Top 10 Travel Destinations in Maldives
Male, the capital of the Maldives atolls, has the frenzied feel of a place squeezed into a slot that's too small for it, throbbing with scooters and vehicles and Indian bazaars heaped with coconuts and spice. That's because it's true. The town is jammed onto a pint-sized islet in the North Male Atoll, despite being rarely visited (most guests bypass the city on seaplanes flying straight to their resort).
It does, however, manage to squeeze in some remarkable sights, such as the 17th-century Friday Mosque and the gold-tipped Islamic Centre, between its streets. Another must-see is the Male Market; just make sure you brush up on your haggling skills first.
2. Hulhumale Island
The island of Hulhumale, located just across the gorgeous waters from Male's capital, is forever expanding as additional land is reclaimed to house the city's sweeping urban tentacles. It's also home to the Velana International Airport, which serves as the principal entry point for most visitors to these idyllic islands. Don't be scared off by the sound of it all; Hulhumale is truly a lovely spot.
It has a beautiful – albeit man-made – beach on its eastern outskirts, as well as a slew of lush homes, a glass-topped mosque, and planned promenade walkways above the Indian Ocean.
Maafushi may lack the enormous luxury resorts and luxurious 5-star hotels of its adjacent brothers, but it's not without charm. The area has been actively reconstructing its salt-washed fishing jetties and industrious sailor houses in the last decade, after being sadly decimated by the 2004 Indian Ocean Tsunami.
The availability of rights to local guesthouses has aided in the transformation of Maafushi into one of the best off-the-beaten-path island escapes for budget travelers. Beautiful beaches with palm trees, lapping waves, and a slew of cozy small coffee shops along the shore, of course.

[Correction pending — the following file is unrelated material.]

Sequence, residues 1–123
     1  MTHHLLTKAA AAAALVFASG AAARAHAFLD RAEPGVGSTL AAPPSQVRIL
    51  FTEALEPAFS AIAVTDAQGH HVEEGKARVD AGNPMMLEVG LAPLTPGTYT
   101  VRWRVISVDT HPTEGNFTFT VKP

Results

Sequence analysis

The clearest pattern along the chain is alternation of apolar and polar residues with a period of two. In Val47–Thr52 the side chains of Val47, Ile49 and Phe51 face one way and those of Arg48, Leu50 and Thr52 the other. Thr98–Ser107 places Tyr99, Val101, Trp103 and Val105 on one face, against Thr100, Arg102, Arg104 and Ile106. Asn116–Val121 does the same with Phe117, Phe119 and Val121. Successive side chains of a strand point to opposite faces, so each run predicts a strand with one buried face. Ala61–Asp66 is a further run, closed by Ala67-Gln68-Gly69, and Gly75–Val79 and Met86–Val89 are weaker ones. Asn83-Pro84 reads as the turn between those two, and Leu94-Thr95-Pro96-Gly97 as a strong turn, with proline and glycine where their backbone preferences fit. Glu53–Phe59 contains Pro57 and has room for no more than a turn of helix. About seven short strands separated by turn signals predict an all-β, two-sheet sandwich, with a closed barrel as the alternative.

The magnificent site of Utheemu, located on the far northern limits of the Haa Alif Atoll, which is the northernmost of all the Maldivian island chains, occupies a significant place in the history of this archipelago nation. It was previously the palace of the famous Sultan Mohamed Thakurufaanu, who is credited with driving Portuguese invaders from the islands in the late 16th century.
The traditional brilliant white dunes and lapping Indian Ocean waves are present, but heritage monuments such as the Utheemu Ganduvaru, a beautiful timber-built palace where the revered king grew up, stand out.
5. Kunfunadhoo Island
If you're looking for the Maldives' famed grandeur and romance, the magnificent resort on Kunfunadhoo Island is certain to provide - it's consistently acclaimed as the most luxurious place to stay in the country. The entrance is through a thatched timber great hall hidden among coconut palm groves.
Then it's off to the cocktail decks perched high above the jungle or the beaches, where candles flicker in the humid sea breeze. When you add in a couple of infinity pools, swim-up bars, and the opportunity to dine on a private sandbank with nothing but the Indian Ocean waves as a soundtrack, it's easy to see why this place is so popular!